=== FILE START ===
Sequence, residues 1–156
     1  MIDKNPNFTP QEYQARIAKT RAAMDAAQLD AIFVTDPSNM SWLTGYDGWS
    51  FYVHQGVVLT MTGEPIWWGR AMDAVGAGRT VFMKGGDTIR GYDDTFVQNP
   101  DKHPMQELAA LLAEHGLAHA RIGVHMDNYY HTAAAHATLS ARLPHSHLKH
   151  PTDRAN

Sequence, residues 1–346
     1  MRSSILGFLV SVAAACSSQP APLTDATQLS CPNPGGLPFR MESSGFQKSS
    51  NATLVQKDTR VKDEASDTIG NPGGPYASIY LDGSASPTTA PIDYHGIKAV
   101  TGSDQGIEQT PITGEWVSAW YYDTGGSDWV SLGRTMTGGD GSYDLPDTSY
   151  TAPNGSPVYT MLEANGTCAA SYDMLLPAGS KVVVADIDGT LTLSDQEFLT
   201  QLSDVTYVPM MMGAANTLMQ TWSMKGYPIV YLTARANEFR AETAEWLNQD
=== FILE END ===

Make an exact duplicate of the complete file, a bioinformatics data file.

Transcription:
Sequence, residues 1–156
     1  MIDKNPNFTP QEYQARIAKT RAAMDAAQLD AIFVTDPSNM SWLTGYDGWS
    51  FYVHQGVVLT MTGEPIWWGR AMDAVGAGRT VFMKGGDTIR GYDDTFVQNP
   101  DKHPMQELAA LLAEHGLAHA RIGVHMDNYY HTAAAHATLS ARLPHSHLKH
   151  PTDRAN

Sequence, residues 1–346
     1  MRSSILGFLV SVAAACSSQP APLTDATQLS CPNPGGLPFR MESSGFQKSS
    51  NATLVQKDTR VKDEASDTIG NPGGPYASIY LDGSASPTTA PIDYHGIKAV
   101  TGSDQGIEQT PITGEWVSAW YYDTGGSDWV SLGRTMTGGD GSYDLPDTSY
   151  TAPNGSPVYT MLEANGTCAA SYDMLLPAGS KVVVADIDGT LTLSDQEFLT
   201  QLSDVTYVPM MMGAANTLMQ TWSMKGYPIV YLTARANEFR AETAEWLNQD